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being taken prisoners, lost all their effects, with some portion also of their respective notes; but, providentially, what one was deprived of, the other was enabled, to a considerable extent; to preserve; so that, between the two, the joint narrative is nearly complete. From the point, then, where Mr Park first embarked, in 1805, this noble river has now been traced above two thousand miles, in the very heart of Africa; and, in Mr Lander's opinion, it is navigable for a great portion of the distance by small steam-boats. The natives, also, in the interior, are eager to see more of us ; and they are even already so far advanced in civilisation as to make a trade with them worthy of pursuit. The greatest obstacles are the still existing slave-trade near the mouth of the river, and the hostile feelings which our attempts to put an end to it have excited in the deluded population there. Palm oil is, as yet, the only other equivalent for their supplies which they have been able to produce; and they naturally look forward with extreme dislike to the prospect of the market for their other and more valuable object of barter being still further curtailed. They are, in a word, the antimachinists of the African world, and do not like to see the demand contract for manual labour. Mutato nomine, de nobis ipsis fabula narratur."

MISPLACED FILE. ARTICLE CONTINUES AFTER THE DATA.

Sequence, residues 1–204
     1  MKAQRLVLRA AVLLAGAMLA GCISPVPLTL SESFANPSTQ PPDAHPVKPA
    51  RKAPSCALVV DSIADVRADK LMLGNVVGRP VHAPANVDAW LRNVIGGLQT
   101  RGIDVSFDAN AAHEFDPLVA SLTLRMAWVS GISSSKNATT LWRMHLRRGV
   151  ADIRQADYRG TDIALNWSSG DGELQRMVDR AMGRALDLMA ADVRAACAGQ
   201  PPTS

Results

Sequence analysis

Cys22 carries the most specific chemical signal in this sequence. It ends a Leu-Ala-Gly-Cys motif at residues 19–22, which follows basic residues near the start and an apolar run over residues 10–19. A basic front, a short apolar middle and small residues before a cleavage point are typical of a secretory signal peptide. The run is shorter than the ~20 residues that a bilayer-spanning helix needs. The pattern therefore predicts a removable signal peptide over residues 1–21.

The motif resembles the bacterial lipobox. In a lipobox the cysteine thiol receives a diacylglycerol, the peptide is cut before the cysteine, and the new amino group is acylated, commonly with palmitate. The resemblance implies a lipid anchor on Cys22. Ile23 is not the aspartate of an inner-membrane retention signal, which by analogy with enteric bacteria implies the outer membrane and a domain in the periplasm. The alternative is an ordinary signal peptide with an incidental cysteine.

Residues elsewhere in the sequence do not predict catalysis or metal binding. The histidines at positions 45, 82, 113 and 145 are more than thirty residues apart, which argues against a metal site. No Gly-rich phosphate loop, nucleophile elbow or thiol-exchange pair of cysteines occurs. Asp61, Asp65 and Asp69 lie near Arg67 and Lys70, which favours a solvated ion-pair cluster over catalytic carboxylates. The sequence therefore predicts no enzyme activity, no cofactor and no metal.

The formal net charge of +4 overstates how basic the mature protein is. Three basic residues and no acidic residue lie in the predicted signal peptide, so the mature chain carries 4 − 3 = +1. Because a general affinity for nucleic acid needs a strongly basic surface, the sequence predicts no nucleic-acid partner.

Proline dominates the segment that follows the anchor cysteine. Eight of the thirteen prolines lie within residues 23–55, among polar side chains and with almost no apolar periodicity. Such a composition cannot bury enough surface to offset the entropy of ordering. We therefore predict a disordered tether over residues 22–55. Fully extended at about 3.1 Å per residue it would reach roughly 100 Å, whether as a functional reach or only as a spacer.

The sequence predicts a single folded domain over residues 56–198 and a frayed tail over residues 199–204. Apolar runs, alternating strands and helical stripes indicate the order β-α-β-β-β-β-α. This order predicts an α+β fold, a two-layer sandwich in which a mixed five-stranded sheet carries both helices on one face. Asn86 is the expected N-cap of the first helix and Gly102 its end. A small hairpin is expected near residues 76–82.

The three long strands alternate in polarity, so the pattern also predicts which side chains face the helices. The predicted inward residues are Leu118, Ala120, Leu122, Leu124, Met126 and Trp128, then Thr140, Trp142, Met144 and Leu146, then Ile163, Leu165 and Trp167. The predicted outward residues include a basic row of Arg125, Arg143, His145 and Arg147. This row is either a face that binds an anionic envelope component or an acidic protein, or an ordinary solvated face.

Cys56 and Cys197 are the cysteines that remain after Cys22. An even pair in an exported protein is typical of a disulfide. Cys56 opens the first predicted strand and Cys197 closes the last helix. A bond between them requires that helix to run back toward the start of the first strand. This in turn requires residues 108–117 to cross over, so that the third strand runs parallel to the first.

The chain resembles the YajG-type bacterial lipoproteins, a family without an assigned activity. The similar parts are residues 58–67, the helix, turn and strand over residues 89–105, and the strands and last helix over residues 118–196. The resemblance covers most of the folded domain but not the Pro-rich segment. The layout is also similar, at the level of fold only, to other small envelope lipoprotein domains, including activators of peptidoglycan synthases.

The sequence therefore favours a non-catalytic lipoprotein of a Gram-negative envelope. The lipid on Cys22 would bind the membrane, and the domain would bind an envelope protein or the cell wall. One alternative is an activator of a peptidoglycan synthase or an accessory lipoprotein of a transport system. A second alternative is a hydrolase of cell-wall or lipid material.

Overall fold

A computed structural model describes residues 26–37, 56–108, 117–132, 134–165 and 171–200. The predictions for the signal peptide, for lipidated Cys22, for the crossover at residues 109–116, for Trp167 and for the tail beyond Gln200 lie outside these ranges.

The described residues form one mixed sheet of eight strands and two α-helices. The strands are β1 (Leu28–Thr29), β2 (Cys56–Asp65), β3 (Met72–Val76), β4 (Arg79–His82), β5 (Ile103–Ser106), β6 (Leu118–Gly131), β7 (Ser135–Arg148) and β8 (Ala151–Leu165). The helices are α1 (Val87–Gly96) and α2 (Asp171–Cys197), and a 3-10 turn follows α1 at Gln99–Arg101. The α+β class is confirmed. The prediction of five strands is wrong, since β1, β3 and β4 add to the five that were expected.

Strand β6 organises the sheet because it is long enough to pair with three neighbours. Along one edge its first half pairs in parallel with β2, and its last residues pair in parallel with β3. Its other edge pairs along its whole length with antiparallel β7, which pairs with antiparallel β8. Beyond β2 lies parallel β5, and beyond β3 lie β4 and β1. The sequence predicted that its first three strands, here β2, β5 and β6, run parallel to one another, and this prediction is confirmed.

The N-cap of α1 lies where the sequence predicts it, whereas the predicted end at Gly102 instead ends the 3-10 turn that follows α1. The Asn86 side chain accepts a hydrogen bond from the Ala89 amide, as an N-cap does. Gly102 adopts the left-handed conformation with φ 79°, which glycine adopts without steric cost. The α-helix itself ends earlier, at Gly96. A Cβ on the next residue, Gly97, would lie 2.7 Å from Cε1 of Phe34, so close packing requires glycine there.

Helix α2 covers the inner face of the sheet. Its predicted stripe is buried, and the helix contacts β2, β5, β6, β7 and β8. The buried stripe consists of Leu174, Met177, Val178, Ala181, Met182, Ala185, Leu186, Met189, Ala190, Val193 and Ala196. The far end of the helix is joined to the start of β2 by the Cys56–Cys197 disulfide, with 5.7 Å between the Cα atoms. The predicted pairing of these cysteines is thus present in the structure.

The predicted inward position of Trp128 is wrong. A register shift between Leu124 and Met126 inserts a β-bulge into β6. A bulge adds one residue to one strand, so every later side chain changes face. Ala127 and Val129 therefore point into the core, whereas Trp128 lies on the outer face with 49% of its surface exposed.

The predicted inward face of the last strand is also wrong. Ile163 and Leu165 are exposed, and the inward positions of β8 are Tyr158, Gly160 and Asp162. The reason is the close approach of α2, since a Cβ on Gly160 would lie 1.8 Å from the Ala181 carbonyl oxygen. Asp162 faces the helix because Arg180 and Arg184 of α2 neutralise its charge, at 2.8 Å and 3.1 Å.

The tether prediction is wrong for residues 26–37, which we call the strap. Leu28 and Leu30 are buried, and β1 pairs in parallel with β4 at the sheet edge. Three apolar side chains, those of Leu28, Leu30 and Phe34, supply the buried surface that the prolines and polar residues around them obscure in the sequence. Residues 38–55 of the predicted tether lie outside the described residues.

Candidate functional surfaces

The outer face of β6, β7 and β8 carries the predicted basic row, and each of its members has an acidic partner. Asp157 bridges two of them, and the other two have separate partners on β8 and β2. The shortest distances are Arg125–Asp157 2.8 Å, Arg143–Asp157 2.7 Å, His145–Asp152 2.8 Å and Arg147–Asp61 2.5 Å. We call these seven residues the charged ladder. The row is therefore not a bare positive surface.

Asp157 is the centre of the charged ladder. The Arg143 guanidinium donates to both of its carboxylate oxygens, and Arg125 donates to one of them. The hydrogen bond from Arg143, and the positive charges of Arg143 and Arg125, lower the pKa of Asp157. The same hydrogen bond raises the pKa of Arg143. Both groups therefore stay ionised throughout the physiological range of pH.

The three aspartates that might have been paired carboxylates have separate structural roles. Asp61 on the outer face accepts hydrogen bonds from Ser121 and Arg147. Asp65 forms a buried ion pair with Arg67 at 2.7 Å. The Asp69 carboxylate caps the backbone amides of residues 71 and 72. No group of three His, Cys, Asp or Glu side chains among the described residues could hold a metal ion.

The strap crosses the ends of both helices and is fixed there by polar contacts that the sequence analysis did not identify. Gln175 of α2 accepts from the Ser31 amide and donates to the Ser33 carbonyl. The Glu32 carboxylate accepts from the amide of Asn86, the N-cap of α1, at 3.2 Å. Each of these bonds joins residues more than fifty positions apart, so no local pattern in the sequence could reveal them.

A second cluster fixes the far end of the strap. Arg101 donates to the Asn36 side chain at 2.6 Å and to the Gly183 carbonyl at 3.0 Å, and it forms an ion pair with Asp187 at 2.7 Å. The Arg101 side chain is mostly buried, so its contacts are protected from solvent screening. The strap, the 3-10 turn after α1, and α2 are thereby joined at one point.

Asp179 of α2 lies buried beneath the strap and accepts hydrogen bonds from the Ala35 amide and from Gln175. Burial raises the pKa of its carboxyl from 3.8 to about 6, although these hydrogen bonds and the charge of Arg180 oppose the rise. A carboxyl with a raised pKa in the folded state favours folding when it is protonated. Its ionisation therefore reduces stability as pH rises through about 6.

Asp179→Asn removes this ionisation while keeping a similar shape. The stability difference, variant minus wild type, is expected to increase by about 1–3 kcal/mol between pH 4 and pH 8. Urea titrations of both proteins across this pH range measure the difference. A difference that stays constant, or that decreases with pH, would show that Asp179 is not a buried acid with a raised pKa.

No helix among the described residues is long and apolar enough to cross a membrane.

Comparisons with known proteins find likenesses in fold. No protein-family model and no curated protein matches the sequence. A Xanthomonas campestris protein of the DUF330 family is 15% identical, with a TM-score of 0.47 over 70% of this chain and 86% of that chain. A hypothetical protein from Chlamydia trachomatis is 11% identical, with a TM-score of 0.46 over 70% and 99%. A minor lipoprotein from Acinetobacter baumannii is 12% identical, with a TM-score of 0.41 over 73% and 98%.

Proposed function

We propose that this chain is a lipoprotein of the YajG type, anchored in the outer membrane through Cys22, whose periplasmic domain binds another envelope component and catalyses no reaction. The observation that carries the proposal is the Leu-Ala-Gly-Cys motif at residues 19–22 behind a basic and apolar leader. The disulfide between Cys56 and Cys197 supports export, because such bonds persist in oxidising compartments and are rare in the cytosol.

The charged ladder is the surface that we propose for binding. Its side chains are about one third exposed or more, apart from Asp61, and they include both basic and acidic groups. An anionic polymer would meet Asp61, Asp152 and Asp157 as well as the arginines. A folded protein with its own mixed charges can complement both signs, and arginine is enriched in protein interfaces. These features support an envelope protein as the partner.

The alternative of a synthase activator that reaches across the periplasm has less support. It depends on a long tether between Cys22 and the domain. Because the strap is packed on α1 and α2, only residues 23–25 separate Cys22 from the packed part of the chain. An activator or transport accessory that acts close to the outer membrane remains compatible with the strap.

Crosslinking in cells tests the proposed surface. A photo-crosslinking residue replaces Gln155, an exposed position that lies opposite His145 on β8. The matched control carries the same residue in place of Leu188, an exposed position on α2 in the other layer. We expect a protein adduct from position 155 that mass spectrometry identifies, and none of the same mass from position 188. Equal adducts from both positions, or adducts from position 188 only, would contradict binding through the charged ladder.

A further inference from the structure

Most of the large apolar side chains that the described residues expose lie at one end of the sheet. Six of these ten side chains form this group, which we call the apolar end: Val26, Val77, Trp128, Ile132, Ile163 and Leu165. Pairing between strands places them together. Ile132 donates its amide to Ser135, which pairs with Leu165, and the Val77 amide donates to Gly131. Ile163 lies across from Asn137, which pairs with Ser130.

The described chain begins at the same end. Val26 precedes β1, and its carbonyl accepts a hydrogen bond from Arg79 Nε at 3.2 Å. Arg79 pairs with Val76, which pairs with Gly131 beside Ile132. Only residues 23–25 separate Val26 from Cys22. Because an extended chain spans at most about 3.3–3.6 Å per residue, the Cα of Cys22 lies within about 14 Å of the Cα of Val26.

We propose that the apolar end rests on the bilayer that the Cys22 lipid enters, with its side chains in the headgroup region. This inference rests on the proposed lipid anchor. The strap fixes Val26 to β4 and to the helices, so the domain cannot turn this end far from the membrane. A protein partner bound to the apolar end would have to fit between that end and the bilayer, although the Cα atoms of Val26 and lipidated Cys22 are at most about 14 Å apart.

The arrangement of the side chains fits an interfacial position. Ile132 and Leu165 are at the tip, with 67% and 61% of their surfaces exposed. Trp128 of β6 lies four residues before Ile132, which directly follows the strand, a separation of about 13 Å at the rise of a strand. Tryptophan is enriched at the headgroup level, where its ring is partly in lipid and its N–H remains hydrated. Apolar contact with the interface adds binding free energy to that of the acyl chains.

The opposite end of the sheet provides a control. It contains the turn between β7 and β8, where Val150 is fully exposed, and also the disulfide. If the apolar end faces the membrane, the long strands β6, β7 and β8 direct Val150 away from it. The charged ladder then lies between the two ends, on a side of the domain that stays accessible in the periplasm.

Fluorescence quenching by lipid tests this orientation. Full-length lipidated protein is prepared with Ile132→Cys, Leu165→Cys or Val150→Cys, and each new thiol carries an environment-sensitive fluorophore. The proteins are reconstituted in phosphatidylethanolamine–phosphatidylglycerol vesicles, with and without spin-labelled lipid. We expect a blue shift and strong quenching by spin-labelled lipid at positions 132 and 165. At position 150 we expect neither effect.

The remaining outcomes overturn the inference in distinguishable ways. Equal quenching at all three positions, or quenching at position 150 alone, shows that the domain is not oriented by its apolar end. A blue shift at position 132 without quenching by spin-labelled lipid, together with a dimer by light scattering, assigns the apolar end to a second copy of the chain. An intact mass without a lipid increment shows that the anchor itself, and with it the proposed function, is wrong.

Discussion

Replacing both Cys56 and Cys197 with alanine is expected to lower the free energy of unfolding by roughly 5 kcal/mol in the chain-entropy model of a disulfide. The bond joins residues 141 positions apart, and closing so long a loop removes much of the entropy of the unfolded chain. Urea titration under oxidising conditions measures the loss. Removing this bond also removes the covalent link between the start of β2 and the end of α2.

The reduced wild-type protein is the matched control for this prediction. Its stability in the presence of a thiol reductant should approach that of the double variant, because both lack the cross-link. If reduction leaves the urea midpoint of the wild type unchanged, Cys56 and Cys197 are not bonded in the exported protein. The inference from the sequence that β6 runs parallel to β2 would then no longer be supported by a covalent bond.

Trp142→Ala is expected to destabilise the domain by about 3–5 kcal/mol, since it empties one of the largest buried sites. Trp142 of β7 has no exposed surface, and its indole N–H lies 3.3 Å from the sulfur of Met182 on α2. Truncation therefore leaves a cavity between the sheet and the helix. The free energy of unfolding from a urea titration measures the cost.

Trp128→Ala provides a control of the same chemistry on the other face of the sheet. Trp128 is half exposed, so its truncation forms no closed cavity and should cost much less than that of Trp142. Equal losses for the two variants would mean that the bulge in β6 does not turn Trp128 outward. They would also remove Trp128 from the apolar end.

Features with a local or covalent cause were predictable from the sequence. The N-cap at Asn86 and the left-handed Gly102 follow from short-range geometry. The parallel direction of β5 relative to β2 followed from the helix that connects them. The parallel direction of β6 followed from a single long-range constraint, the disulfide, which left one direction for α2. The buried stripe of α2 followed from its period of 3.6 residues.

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[We have given the above extract from the Literary Gazette, containing a sketch by Mr Barrow of the discoveries of the Brothers Lander, as it exhibits, in a striking light, the extraordinary sagacity of our able correspondent. It is well known to all who have taken an interest in the attempt made to ascertain the geography of Northern Africa, that for many years Mr Macqueen has striven strenuously, in opposition to Mr Barrow in the Quarterly Review, and others, to prove that the Niger terminated in the Atlantic Ocean, in the Bight of Benin and Biafra. The question is set at rest by the grand achievement of these intrepid men; and we do not doubt that Mr Barrow will take the first opportunity of doing ample justice to the great knowledge and powers of reasoning exhibited by Mr Macqueen in his numerous writings on this controversy. One of the numerous mouths of the Niger should certainly be called the Macqueen."